Last week, EA Sports added a new feature to FIFA Ultimate Team that allows you to see what’s inside a pack before purchasing it. I say ‘allow’ but it’s actually unavoidable – this isn’t an optional feature but instead the new normal. This change means you can see exactly who is in that Gold Pack you want to buy, and if it’s full of duds, you can leave it on the shelf. The packs reset every 24 hours, or immediately after a purchase, with the exception of some limited time packs that are only in the store for a few hours.
This change was brought in during the Festival of FUT event, and we don’t technically know if it will continue into FIFA 22, but that seems like a pretty good bet. It’s a dramatic shift, so to let us see the contents of a pack in FIFA 21 before returning to the full on loot box systems in this year’s outing seems like it’s asking for trouble. If any monetised online game can ride out controversy, it’s probably FIFA Ultimate Team, given how much it earns, but adding the feature only to take it away again would be a foolish move. It seems safe to say that moving forward, FUT Packs will let you see what’s inside.
This change is part of a bigger switch in the industry. Loot boxes have been heavily criticised and regulated against in the past few years, and many games are moving on from them. Battle passes are far more en vogue than loot boxes these days, with a better reputation for relying less on gambling, giving consumers more control, and rewarding the most committed players rather than exploiting them. Of course, battle passes still exist to make money, and the timed nature of them can force consumers to stick with a game for longer than they might otherwise choose, but it’s generally agreed upon that battle passes are a step up from loot boxes. When Overwatch 2 launches – whenever that may be – expect it to come with battle passes rather than the loot boxes it helped popularise.
Even battle passes are evolving – Halo Infinite’s will not be time limited, which makes other battle passes out there look downright predatory. I don’t know how or if FIFA will ever go down this road, but viewable FUT packs feel like a good start. It’s not the only game to change its loot box mechanics either – eggs in Pokemon Go will now tell you exactly what they can potentially have in them, as well as your chance of hatching each ‘mon.
This is a little different though – you can’t get rid of an egg (except by hatching it), and the only thing knowing the odds changes is that it might dissuade players from grinding hatches, since eggs remain a core part of the game that cannot be skipped. Even then, if you’re committed enough to grind out a rare hatch, knowing the rate (indicated in the game not by numbers but a one-two-three system where one means ‘less likely’) might not have much impact one way or the other on your desires. It feels like that’s the point; Pokemon Go now complies with loot box regulations without having to fundamentally alter itself. FIFA, on the other hand, might have made a major change with a lasting impact.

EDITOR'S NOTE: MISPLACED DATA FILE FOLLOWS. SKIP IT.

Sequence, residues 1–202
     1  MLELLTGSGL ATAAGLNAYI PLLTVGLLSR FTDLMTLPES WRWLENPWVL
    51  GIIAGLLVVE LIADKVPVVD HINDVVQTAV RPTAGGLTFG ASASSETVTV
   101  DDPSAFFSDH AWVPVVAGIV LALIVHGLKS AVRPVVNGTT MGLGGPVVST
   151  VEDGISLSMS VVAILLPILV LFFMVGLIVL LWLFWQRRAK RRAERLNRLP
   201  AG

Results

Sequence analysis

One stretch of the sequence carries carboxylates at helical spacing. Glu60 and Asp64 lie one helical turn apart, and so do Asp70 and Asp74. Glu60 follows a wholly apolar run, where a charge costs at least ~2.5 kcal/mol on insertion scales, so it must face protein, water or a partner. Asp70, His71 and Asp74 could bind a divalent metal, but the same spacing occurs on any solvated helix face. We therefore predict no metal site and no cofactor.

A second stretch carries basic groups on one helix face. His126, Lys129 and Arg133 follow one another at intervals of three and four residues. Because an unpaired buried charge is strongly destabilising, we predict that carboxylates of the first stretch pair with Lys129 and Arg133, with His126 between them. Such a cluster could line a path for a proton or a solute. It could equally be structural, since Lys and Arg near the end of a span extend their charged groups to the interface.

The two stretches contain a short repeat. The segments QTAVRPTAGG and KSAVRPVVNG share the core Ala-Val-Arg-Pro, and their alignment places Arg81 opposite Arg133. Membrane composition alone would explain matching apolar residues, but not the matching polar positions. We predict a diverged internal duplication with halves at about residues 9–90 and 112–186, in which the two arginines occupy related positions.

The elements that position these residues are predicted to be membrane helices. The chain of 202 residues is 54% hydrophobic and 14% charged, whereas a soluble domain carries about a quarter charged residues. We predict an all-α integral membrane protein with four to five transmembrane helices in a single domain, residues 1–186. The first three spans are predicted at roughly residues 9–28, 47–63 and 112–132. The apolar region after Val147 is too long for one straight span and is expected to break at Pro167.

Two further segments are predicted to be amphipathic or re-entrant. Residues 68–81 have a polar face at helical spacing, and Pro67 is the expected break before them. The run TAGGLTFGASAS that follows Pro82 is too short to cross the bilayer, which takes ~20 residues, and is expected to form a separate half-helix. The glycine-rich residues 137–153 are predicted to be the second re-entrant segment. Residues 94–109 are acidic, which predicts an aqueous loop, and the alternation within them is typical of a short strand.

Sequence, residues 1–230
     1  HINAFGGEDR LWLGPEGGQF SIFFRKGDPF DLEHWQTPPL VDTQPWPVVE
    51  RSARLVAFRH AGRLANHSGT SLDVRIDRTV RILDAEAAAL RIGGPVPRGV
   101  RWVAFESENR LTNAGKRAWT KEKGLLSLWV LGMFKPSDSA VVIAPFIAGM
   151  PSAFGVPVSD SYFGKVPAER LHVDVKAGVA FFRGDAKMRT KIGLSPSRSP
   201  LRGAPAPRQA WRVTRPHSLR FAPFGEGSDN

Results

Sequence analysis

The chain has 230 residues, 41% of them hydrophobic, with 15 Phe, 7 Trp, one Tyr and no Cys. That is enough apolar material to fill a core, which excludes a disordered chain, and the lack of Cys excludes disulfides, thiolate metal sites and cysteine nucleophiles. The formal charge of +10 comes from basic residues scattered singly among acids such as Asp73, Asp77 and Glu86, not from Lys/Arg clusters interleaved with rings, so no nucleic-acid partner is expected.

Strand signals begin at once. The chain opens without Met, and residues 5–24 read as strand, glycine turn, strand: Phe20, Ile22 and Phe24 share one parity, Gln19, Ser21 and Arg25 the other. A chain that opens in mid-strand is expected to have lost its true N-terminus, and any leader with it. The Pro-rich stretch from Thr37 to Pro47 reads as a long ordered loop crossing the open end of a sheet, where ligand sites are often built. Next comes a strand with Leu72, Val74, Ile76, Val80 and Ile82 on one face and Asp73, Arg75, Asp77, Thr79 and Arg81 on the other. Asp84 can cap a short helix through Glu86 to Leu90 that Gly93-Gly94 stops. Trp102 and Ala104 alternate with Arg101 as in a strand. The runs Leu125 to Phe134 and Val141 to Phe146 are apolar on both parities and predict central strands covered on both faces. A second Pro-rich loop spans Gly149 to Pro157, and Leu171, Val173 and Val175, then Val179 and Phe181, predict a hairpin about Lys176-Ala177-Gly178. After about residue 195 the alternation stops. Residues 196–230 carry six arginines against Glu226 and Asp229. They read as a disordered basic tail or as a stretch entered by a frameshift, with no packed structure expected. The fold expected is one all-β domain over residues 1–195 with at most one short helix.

FIFA’s viewable FUT packs don’t just tell you the odds. It’s not a 0.07 percent chance of Messi situation, and there’s no Schrodinger’s Ronaldo in the pack. It will tell you exactly who is in the pack, whether that’s a superstar ready to walk into your team or a lot of fluff you’d be better off avoiding. For the most hardcore players, not much will change here. Those who buy several packs a day aren’t going to stop doing that just because Jonjo Shelvey is the best player in the first pack. But for the more casual players, it could make the mode much more approachable.
I play a lot of FIFA 21. I even played it as Gareth Southgate as an experiment. I write about it a lot too, from its failure to capture realism to the enigma of Jesse Lingard, to the inevitable ratings discourse, to the fact it should include taking the knee in some form if it wants to modernise itself. It’s rare that I write about Ultimate Team, despite its huge popularity, because I don’t invest any money in it and so it quickly becomes a grind. In FIFA 22, while I still won’t be pouring money into it, the fact I can see exactly who I’ll be adding to my team before I commit makes it a more welcoming prospect. I’ll know how those players add to my squad, if at all, and if they don’t I can wait until tomorrow. At the top end, I’m not sure anything changes here, but it could be a huge boost for the casual player base. While I know it has been essentially enforced by the changing tides, it’s nice to see these players getting some attention for once.
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